STEWART Lee broke a three-year hiatus from touring in style with two back-to-back shows in one long and enjoyable night at the Brighton Dome.

The first half, Tornado, stems from the comedian’s discovery that his Comedy Vehicle TV show mistakenly spent two years on Netflix with the description from American sci-fi horror film Sharknado 3 as its listing.

This discovery, alongside the Times calling him the “world’s greatest living stand-up”, causes Lee to assess his own place in the comedy landscape.

Tornado is a brilliant set, that has more clear jokes than any of Lee’s previous work that I can remember, and even sees him doing impressions of Alan Bennett.

Dave Chappelle, Leonard Cohen, and Josh Widdicome are all discussed and Brighton itself is lauded/berated (it can be quite hard to tell) for having two comic shops, but none received as much attention as much as the comedian’s favourite topic, Stewart Lee himself.

The second half, Snowflake, is a less structured set than Tornado and is a little weaker for it in a purely comic sense.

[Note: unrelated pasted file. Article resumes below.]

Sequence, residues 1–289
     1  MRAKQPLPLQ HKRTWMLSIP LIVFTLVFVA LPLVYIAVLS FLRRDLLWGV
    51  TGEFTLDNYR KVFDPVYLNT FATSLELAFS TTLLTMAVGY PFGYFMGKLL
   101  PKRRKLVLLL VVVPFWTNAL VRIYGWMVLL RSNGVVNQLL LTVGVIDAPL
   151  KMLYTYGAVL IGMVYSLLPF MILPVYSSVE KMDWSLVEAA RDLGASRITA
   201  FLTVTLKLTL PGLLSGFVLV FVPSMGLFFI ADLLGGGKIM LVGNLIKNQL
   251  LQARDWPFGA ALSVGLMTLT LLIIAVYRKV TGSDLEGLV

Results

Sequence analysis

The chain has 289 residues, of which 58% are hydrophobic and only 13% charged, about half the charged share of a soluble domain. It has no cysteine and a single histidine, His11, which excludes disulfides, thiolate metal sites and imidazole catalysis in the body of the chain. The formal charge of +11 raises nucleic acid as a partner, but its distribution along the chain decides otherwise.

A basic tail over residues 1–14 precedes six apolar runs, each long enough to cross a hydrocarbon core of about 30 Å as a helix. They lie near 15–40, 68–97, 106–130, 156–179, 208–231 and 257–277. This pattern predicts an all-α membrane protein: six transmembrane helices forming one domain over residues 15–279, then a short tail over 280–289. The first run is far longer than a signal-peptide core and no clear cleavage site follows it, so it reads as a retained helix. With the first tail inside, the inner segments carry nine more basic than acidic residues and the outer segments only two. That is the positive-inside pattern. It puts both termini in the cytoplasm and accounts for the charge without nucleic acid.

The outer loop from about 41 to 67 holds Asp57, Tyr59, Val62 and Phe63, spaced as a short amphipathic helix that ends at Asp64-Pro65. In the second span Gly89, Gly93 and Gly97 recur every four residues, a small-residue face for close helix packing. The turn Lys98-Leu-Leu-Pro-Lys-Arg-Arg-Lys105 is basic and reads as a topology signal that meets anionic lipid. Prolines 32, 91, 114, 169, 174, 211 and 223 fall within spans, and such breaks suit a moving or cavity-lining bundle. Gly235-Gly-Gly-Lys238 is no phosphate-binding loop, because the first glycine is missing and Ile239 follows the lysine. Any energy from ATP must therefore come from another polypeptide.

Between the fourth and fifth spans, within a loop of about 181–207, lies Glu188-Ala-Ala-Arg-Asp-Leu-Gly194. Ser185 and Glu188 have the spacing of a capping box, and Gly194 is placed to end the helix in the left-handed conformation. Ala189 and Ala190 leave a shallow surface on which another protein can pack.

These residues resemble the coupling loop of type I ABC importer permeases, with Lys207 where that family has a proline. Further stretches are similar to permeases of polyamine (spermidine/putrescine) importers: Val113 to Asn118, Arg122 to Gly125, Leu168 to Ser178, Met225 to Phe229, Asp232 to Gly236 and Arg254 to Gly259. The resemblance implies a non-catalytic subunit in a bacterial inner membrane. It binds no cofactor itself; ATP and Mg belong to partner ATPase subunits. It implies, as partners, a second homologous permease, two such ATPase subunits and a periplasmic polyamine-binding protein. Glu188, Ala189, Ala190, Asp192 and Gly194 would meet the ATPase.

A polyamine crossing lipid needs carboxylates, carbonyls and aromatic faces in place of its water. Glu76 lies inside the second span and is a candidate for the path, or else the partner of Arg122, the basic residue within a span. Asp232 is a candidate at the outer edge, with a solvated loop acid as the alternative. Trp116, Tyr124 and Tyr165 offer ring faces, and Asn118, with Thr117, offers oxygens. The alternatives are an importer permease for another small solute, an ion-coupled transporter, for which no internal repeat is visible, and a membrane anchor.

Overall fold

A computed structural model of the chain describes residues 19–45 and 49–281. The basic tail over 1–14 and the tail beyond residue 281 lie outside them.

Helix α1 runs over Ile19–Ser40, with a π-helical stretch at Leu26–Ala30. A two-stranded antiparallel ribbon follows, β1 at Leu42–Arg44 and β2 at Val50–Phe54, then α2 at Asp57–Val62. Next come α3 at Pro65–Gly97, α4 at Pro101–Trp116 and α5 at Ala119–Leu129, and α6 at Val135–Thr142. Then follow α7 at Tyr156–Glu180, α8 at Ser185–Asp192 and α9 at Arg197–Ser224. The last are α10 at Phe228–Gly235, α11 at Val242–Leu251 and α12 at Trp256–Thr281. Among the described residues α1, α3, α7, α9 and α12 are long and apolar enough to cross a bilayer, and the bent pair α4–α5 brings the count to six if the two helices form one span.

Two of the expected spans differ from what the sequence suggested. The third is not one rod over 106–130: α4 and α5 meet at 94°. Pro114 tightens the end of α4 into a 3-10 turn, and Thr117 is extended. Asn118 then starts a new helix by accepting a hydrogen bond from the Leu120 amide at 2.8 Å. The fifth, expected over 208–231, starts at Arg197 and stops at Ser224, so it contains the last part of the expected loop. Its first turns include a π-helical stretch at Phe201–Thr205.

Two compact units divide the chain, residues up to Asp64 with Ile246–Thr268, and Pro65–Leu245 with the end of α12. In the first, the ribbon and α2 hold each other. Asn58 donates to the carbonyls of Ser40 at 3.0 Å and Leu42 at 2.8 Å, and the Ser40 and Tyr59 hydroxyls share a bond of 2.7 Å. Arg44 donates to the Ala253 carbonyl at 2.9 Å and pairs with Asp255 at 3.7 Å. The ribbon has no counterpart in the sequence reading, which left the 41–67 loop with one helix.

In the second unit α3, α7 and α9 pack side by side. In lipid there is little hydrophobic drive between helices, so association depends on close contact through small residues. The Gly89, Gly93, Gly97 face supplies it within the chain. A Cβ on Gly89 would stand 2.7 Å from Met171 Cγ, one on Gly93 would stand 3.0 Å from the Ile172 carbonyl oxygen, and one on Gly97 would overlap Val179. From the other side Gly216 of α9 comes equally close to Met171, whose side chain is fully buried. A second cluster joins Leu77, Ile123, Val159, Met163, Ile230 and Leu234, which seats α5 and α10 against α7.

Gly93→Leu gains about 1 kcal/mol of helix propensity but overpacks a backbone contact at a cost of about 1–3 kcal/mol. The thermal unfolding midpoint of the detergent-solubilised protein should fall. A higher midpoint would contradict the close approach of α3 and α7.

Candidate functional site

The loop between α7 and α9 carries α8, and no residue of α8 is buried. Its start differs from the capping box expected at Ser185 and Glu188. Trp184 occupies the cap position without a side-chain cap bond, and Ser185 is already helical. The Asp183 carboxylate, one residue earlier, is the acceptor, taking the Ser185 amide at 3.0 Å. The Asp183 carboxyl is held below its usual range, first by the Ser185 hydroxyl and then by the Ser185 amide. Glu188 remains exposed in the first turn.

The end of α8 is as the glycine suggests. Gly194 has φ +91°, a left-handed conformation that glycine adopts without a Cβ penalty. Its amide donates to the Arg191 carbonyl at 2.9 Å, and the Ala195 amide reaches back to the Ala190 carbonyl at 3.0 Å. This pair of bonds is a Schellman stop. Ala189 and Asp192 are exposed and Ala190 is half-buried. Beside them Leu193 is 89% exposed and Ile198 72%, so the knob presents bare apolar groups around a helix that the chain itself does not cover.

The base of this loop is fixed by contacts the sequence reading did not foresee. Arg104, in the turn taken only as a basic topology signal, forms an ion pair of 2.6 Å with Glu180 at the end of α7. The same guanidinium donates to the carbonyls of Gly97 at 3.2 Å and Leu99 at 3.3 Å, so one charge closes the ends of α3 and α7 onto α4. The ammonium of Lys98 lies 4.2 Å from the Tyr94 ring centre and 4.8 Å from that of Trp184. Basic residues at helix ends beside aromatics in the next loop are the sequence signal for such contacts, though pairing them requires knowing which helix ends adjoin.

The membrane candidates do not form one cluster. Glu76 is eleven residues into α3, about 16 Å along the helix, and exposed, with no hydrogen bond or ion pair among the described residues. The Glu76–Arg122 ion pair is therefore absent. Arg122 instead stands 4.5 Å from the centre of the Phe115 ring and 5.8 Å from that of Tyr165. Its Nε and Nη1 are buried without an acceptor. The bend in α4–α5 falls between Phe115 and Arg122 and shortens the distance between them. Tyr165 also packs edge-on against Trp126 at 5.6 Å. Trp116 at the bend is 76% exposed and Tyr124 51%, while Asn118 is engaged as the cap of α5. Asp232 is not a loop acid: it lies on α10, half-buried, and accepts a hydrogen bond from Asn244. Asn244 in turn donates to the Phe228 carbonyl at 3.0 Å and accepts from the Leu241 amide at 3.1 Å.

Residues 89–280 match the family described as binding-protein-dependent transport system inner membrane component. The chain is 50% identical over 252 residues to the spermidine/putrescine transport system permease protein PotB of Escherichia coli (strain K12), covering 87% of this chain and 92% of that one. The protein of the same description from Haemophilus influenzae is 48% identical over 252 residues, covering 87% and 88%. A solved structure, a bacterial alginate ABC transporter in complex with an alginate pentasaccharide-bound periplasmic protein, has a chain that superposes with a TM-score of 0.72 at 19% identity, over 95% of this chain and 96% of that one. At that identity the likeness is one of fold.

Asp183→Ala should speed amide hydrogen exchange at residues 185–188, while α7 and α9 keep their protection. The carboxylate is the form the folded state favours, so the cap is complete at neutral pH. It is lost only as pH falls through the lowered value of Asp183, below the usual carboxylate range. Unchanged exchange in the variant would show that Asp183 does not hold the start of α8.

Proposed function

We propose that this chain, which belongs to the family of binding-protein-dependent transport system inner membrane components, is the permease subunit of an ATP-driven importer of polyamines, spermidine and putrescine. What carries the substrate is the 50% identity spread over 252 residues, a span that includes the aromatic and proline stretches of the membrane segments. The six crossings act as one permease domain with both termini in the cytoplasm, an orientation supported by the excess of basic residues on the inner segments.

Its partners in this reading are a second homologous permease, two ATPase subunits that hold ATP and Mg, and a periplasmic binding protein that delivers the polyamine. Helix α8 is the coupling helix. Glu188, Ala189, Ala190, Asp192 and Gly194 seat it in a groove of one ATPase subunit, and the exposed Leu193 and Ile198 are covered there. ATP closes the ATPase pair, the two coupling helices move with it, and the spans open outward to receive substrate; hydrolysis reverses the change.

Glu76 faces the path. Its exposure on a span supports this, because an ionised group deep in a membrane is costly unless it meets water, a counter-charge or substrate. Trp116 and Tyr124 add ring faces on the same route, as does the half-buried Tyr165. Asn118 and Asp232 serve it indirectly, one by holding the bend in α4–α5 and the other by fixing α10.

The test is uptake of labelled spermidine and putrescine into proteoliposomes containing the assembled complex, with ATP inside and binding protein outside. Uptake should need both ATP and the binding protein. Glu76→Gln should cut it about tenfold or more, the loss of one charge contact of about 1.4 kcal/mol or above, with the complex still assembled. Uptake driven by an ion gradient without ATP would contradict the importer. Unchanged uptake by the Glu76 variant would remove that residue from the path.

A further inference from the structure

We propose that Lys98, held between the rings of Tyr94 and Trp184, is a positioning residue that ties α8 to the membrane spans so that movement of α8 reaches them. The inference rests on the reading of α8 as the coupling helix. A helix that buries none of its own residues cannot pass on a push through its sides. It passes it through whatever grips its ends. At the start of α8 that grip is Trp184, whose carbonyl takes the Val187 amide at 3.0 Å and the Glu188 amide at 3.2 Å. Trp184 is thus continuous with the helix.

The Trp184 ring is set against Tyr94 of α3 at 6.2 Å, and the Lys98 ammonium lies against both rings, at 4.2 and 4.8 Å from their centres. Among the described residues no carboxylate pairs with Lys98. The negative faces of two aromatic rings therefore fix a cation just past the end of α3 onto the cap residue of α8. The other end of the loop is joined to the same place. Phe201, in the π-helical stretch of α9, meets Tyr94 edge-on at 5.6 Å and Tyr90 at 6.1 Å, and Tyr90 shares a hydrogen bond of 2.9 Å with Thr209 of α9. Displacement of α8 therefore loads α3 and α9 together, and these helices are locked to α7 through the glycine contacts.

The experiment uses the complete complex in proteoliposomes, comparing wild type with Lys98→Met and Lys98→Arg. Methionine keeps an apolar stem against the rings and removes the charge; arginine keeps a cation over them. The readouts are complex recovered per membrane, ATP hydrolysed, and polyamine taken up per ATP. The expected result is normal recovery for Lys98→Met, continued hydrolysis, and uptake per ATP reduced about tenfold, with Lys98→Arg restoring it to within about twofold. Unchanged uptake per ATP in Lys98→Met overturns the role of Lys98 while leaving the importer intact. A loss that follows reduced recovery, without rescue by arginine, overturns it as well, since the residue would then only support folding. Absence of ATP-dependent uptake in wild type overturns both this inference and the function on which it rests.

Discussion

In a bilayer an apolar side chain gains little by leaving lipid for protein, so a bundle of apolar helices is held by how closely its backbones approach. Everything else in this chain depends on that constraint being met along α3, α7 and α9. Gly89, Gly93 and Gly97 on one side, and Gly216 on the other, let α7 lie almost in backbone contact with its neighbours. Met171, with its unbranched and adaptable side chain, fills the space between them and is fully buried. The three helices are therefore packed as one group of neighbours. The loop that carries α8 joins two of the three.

It sees Lee addressing politics and the downfall of political correctness in recent years.

The set did include a couple of bits that were familiar such as an array of responses to a Christian evangelist asking Lee: “Jesus is the answer, what is the question?”.

But these were only done in passing and the sheer amount of material in the show means it can’t be held against the comedian.

Some of Lee’s extended riffs can feel more like endurance tests for both audience and performer than anything else.

One such bit came in the second half when Lee discusses what a comedian “saying the unsayable” would really be like. The six-minute demonstration that follows tested the patience of many, but other, similarly long routines certainly land.

One was a long enactment of a week’s worth of workplace conversations, while another was a less obviously worked bit about Tony Parsons’ cess pit, which eventually had Lee saying: “Thank God the laughter has stopped. Can it be noted by the local paper that I actually had to stop the laughter.”

Snowflake/Tornado isn’t perfect then, but with Stewart Lee offering some genuine insight alongside perhaps more jokes than ever before, it certainly shouldn’t be missed.

Hugh Finzel